Tis claimed that on Saint Patrick’s Day everyone is Irish. While this may or may not be true, it is a fact that the original Brits were the Celts who arrived in Britain and Ireland by 500 BC.
After the Romans left Britain in the 5th century AD, the country was dominated by non-aligned Celtic chiefdoms. It didn’t take long for the isle’s neighbours to glean that Britain was ripe for invasion without Roman protection. In poured hordes of Jutes, Angles, Saxons and Danes who pushed the Celtic Britons to the isle’s periphery of Wales, Cornwall and Cumbria. Around the same time, the Celts also settled in Ireland.
As I mentioned in a Lexpert article two months ago, I believe many linguists have greatly understated the contributions of these Celtic people to English. The OED shows approximately 1,000 Celtic contributions to English, such as bard, bug (as in bugbear), caber, clan and glen, with the majority of them coming out of Ireland.
Other Celtic words filtered. The word “bog” is a 16th-century adaptation of the Irish bogach. Bog has the connotation of “soft” in the Celtic word bog-luachair, “bulrush.” Also coming into English in the 16th century are the pair of plaid from the Gaelic plaide and Irish ploid, “blanket,” and the word “slogan” from the Gaelic sluagh-ghairm, “host-cry.” The word “galore” is a 17th-century rendering of the Irish go leór, “to sufficiency.” Whiskey” is an 18th-century cropping of “whiskybae,” and is a variation of the Gaelic uisgebeatha, “water of life.”
The term “Tory” has the distinction of not only being Irish in origin, but a rather nasty insult to boot. It is really an anglicized spelling of the Irish tóraidhe, “pursuer,” and originally denoted an Irish guerrilla who, to revenge being ousted from his land by the British, took to plundering Ireland’s occupiers.
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The OED highlights this origin in its first definition of “Tory”: “In the seventeenth century, one of the dispossessed Irish, who became outlaws, subsisting by plundering and killing the English settlers and soldiers.”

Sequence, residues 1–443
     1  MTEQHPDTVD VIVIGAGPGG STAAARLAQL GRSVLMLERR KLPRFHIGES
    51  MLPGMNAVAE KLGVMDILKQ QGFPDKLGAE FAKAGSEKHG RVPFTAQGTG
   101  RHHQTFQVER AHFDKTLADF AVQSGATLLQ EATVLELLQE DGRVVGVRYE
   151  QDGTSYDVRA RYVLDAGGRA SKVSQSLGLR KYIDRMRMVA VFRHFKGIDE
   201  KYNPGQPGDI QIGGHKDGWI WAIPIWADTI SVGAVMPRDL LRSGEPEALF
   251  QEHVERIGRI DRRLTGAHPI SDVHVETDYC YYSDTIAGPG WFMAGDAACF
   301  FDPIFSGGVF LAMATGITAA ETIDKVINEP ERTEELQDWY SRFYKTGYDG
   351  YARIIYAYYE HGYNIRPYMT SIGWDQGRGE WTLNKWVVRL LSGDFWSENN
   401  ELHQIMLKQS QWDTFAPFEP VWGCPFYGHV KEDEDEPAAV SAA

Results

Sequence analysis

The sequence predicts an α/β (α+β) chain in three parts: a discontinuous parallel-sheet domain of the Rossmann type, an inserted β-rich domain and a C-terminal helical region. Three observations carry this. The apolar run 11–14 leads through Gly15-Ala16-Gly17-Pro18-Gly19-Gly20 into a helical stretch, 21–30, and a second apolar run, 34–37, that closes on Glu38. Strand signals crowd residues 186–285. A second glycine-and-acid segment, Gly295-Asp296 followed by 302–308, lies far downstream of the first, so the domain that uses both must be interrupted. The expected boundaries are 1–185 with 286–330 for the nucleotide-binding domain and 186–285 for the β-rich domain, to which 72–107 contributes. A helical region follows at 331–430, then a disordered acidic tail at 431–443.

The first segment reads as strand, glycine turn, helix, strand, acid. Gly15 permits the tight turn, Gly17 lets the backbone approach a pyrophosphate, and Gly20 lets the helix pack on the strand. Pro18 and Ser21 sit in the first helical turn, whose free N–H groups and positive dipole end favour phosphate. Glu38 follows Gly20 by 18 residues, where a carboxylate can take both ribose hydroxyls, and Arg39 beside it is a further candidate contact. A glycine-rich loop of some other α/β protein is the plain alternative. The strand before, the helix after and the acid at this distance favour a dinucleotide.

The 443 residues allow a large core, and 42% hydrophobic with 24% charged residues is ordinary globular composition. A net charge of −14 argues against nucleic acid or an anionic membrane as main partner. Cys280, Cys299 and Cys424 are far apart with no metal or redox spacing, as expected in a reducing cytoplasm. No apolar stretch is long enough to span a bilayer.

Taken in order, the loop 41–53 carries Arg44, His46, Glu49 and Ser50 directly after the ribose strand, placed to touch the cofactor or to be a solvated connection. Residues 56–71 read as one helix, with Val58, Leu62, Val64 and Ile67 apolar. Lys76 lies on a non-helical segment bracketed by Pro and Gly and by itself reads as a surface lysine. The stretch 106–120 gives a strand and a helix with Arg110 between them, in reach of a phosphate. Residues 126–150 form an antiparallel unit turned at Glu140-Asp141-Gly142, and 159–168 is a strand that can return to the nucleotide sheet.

It quickly became a term to refer to any Irish Papist and by the middle of the 17th century the word was often used by British commentators as a synonym for “bandit,” as in this mid-17th-century reference found in Bulstrode Whitelocke’s Memorial of the English Affair: “Eight Officers … riding upon the Highway [in Ireland], were murder’d by those bloody Highway Rogues called the Tories.”
At the end of the 17th century the word was applied to a group of English politicians who had originally opposed the deposing of Roman Catholic James and his replacement with the Protestant duo, William and Mary. Eventually, this loose assortment of politicians became regarded as a political party, the Tories. Even later, however, we find the word used as a derogation of the Irish. Catharine Macaulay, in her The History of England, written in 1849, says, “The bogs of Ireland … afforded a refuge to Popish outlaws, much resembling those who were afterwards known as Whiteboys. These men were then called Tories.”
The aforementioned total of approximately 1,000 words of Celtic origin may be understated. Linguist Loreto Todd argues convincingly in the journal English Today that many other words might have an Irish lineage, These include:
Ass (animal) This word appears to be a modified form of the Irish term asal. The OED hypothesizes that the Irish word comes from the Latin asinus but is possible that the Latin term may have come from the Celtic one.
Bat (stick) Many etymologists see this word deriving from the Old French batte. However, according to the OED, “the supposed Old English bat is by some referred to a Celtic origin. Compare Irish and Gaelic bat, bata, staff, cudgel.”
Clock The OED states that “clock” does not appear to derive from any Germanic language and adds that it was “known since about the 8th century in Celtic Irish cloc, Gaelic clag, Cornish , cloch, … (but) not found in southern Romanic languages where campana is the word for “bell.”
Another word that may have an Irish origin is “kibosh.” Its first OED citation occurs in Charles Dickens’s Sketches by Boz written in 1836. The OED states: “Origin obscure; it has been stated to be Yiddish or Anglo-Hebraic.” Some etymologists believe that it derives from the Irish phrase cie bais, “cap of death.” The word bais is pronounced “bawsh” and cie is pronounced with a hard initial consonant, somewhat like “kai.”
Irish contributions to English may not be as sparse as generally supposed. They are to be found in considerable numbers, assuming one knows what shamrock to look under.
A happy St. Patrick’s Day to all.
Howard Richler’s latest book From Gay (Happy) to Gay (Homosexual) is being published by Ronsdale Press in 2013.